9. #9 Abel Pharmboy
    June 14, 2006

    I also had another piece of info for Joe about the pBR322 plasmid named after two postdocs in Herb Boyer’s lab at UCSF.

    As for the discussion, my ever-so-slightly-senior women readers remember a time on which I came in on the tail end. My rogue compatriots in the late 70s/early 80s were mostly beer and weed enthusiasts. Perhaps it’s because my folks were children of the 50s, not the 60s. Where I got interested in this area is when I read of kids staking out mail order pharmacy shipments to senior neighbors – a string of baclofen ODs raised my awareness of kids using Rx drugs for fun.

    Rick, I guess I am somewhat surprised about Rx drug abuse among kids that lead to deaths (P.S. thanks for posting the family recipe for shrimp and grits!). Volatile inhalants are definitely a huge risk for irreversible brain damage but I was unaware that Rx drug access by teenagers was so widespread. I did some searching and haven’t found a link between DTC advertising and teenage diversion of narcotic analgesics, etc., but I appreciate the input of Doc Bushwell.

    The reason I posted this was to see if people thought this was odd or not surprising. I guess I’m living under a rock.

  10. #10 Doc Bushwell
    June 15, 2006

    Heh. You’re not the only one living under a rock, Abel. When the facilitator explained that kids were raiding their ‘rents’ medicine cabinets, I turned to the rest of my fellow middling managers and quipped, “Lipitor and Caduet are fun? Who knew!?”

  11. #11 anjou
    June 15, 2006

    As a psychologist who’s worked with adolescents its hard to live under a rock as parental medicine cabinet raiding in kids dragged to therapy by their parents is likely to be considerably higher than the norm–biased sample I suppose!! And, likely biased in the amount of “fun” meds to be found as all too often crazy parents beget crazy kids….(all too often when confronted with a kid with problems Ive imagined parentectomy as the only viable solution…sometimes when the kids cross their arms and say…its not me, its my parents that are nuts, they are really on the mark)


  12. A tricky part of the prescription-drug problem, Harnett says, is addressing the perception among youths that pills are safe because they are “medicine.”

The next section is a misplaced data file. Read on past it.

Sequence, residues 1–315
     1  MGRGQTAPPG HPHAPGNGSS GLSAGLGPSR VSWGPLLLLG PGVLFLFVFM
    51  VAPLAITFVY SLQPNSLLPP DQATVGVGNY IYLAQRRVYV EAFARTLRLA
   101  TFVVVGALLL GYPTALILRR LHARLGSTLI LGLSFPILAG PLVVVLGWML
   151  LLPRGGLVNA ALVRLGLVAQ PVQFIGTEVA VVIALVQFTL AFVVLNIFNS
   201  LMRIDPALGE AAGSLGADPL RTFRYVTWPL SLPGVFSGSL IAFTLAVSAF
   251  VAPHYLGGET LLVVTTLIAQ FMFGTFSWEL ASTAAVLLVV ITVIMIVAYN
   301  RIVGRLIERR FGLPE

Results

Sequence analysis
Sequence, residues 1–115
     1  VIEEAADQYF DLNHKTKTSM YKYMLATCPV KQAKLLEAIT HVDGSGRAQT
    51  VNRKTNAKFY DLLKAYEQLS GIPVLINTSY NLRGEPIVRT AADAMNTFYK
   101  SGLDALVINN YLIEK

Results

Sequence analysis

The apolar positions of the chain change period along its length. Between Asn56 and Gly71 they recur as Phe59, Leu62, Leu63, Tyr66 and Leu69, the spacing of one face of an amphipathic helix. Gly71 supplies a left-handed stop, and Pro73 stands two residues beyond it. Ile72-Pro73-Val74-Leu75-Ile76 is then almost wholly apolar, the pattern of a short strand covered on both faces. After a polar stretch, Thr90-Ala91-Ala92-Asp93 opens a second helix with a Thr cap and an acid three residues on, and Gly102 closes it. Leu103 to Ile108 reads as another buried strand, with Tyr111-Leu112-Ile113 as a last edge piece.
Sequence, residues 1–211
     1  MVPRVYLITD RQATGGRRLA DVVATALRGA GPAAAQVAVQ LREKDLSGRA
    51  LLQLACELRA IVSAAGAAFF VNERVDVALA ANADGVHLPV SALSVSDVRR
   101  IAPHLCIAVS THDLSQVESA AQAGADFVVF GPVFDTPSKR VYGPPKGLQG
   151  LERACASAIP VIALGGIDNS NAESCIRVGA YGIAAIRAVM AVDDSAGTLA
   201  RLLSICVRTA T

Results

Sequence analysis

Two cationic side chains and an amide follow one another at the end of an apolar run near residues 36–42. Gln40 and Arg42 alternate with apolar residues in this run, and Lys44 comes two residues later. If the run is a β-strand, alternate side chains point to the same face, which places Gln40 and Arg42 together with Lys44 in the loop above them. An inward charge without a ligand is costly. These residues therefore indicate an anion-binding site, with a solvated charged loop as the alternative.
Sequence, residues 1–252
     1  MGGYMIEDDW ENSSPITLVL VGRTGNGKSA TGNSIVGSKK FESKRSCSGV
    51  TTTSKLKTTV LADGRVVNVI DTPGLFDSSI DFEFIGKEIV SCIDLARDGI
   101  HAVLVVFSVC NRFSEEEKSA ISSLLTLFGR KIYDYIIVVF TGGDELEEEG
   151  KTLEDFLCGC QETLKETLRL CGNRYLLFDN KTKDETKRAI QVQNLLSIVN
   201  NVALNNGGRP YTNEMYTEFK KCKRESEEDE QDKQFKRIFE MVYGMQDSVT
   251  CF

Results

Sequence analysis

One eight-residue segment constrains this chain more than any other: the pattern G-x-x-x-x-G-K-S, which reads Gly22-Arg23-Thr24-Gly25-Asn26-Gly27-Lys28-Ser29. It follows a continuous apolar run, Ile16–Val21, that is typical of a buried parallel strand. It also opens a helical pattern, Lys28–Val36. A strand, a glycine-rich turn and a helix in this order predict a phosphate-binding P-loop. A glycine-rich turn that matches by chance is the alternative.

I mentioned it briefly before in the context of ads, but this is another point in the article that’s worth bringing out. We know it’s not rational, but there is this attitude that things are safe because they are medicine. (It’s similar to the attitude I face a lot as a chemistry teacher – things are bad because they are chemicals.)

    … but how do you combat this attitude?

  13. #13 Joseph j7uy5
    June 17, 2006

    I can’t remember where I saw it, but I am fairly sure that I did see a study (probably out of ISR at University of Michigan) that showed that quite a large proportion of the kids taking opiates were taking them because of pain. Therefore, one has to be careful about the definition of the term drug abuse. SUre, you can define the act of taking a prescription drug that was prescribed for someone else as being abuse, but you miss an important point if you fail to account for the fact that pain is widely undertreated.

  14. #14 Doug
    June 17, 2006

    Ditto on the ‘not a new phenom’ posts. The most popular version where I lived (middle-o-nowhere MO ’68-’72) was for lots of kids to snag small quantities of whatever was in the medicine chest then dump everything into a big salad bowl that everyone would then just dip into and grab a handful of random meds.

    No, not new just different meds.

  15. #15 Abel Pharmboy
    June 17, 2006

    Joseph: Yes, you certainly want to be sure that hypervigilance against drug abuse doesn’t result in people not getting opiates for pathophysiologic severe pain. This remains a problem in oncology in some areas.

    Rick: You point to an issue that we often deal with as well on the herbal supplement side of natural products. Just because a chemical is natural (and I emphasize that natural products ARE chemicals) doesn’t confer any inherent safety. To the contrary, some of our most potent poisons are natural: tubocurarine, batrachotoxins, ricin, and others.

    To present the drug issue to your students, I’d note that drugs are chemicals that mimic normal chemicals in your body, but usually act for a much longer time. The beta2-adrenergic agonist in my asthma inhaler binds the same receptors as norepinerphrine to cause bronchodilation, but does so much longer than NE, which is released from nerve terminals, acts, and is then taken up and/or degraded.

    Even drugs like opiates (morphine, oxycodone, fentanyl) mimic the effects of endogenous opiate peptides to act as analgesics. The problem is that, in addition to their presence in pain transmission pathways, we also have opiate receptors in our brainstem that regulate respiration – supra-analgesic concentrations can kill by shutting off the central stimulus for breathing.

    We do a terrible job in this country of educating the public that medicines should be respected and used with caution regardless of whether they are prescription or over-the-counter. FDA approval and sale of OTC drugs means simply that the benefits of a given drug outweigh its risks – it does NOT mean that safety is absolute, but rather relative in the context of the disease/disorder being treated.